• The idea that theoretical physics can be taught without reference to complex mathematics is patently absurd. (But don’t tell that to the publishers of such mathematics-free books—or the people who buy them.)

- Parentheses - The Punctuation Guide

You ask:

Supposing (but not agreeing) that there can be two separate sentences in succession in a sentence, should each of those sentences take a capital letter at the beginning and a full stop at the end? If yes, why is the full stop at the end of the second such separate sentence missing (despite the second such separate sentence taking a capital letter at the beginning)?

Secondly, if there could be two separate sentences in a sentence, then there could be even three, four, five and so on. What is the limit? How many separate sentences could be there in a sentence?

Finally, is the placement of the separate sentences in the sentence correct? Can a separate sentence be placed anywhere in the sentence? Or, should such placement meet some rule or logic?

To your first question, the quotes above suggest that there is some flexibility regarding the terminating full stop. Given the specifics, I would lean towards including rather than excluding it.

To your second question, you may have as many sentences within a set of parenthesis as you wish.

To your final question, there is no restriction about where your parentheses should be located within the enclosing sentence. Naturally, the parenthetical portion should go within the parentheses.

Nevertheless, as we are discussing matters of style, one should strive for clarity. Parenthetical statements are intended to add information, but only as an aside. The main sentence should still be primary. The womb, as you delightfully term it, becomes distended if the parenthetical statements dominate the parent sentence. One should then consider whether its contents should be allowed independent existence, as it were.

In the case of your sample sentence, the main sentence is still primary. However, if you wished to reword it to avoid multiple sentences in a single set of parentheses, you can consider the following:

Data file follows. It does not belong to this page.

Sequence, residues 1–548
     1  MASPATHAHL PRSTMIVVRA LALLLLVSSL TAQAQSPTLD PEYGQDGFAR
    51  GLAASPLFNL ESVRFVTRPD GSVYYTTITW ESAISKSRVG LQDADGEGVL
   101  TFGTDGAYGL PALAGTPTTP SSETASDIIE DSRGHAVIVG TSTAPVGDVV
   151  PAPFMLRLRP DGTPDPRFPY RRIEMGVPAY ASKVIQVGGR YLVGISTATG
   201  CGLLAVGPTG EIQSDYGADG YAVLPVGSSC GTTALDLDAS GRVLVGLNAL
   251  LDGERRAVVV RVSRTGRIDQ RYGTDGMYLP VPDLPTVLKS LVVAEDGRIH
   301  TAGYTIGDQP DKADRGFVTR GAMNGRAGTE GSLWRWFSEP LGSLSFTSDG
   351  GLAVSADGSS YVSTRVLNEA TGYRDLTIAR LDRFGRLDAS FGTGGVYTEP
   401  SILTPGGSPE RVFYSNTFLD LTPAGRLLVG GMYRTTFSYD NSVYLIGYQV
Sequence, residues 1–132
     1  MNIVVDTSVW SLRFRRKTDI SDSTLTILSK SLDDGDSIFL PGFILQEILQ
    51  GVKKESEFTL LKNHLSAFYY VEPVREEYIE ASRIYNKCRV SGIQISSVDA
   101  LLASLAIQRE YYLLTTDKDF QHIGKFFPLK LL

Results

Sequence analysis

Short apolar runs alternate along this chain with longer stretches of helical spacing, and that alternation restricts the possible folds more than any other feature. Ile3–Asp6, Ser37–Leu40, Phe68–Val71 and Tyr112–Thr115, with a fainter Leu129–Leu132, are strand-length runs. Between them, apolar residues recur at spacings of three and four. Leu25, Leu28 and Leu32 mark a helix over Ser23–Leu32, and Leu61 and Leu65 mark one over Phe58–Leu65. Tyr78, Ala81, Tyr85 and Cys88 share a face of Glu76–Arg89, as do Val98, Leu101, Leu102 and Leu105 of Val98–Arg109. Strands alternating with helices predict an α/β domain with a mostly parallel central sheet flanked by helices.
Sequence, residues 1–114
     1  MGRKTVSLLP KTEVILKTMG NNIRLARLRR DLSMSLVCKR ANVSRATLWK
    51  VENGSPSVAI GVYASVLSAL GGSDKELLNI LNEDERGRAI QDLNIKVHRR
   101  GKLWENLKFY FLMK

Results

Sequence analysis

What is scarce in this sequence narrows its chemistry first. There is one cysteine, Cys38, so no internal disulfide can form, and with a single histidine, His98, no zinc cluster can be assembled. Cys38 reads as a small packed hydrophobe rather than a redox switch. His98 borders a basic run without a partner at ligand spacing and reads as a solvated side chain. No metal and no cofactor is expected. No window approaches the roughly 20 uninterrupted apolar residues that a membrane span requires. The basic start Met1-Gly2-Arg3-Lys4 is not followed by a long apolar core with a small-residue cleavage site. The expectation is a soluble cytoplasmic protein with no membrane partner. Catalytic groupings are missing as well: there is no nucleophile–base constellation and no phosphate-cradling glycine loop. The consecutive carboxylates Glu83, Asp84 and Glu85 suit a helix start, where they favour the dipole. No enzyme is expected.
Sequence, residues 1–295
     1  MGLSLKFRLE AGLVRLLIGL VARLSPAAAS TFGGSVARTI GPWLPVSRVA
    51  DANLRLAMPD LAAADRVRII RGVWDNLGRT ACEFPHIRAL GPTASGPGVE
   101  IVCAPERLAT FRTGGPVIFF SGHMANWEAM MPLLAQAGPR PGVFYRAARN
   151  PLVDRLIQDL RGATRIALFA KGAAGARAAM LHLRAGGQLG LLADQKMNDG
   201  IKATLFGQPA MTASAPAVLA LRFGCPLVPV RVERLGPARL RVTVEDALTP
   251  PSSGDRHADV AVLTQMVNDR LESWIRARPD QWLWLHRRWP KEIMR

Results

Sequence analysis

• You've earned the "Reviewer" badge (complete at least 250 review tasks) for reviewing "First Post". This badge is awarded once per review type.
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It is certainly possible to contain multiple complete sentences in a parenthetical aside within a sentence. Whether you should and exactly how to punctuate such a creature are stylistic questions, with multiple possible answers.

  1. The accepted answer to a similar question over at Writers SE suggests that the entire aside should be capitalized and punctuated as if it were standing alone, so it would read:

    You've earned the "Reviewer" badge (Complete at least 250 review tasks. This badge is awarded once per review type.) for reviewing "First Post".

  2. On the other hand, in his 1991 Handbook of Good English, John Edwards suggests that the leading capitalization and closing period/full-stop should be omitted—though the internal capitalization and punctuation remain, as could a closing question mark or exclamation point—which would yield:

    You've earned the "Reviewer" badge (complete at least 250 review tasks. This badge is awarded once per review type) for reviewing "First Post".

Neither of these sources cites any further authority. Possibly the two approaches correspond to the UK vs US style of internal punctuation. Each seems more internally consistent to me than the approach in the original sentence, for what it's worth. There may be additional "recommended" ways to punctuate this, as well.*

Both sources, however, agree that this kind of construction is infelicitous. @LaurenIpsum says it "looks awful", while Johnson calls it "inevitably somewhat clumsy".

While there's no one "right" way to do it, for minimal alteration of this particular example I would prefer something like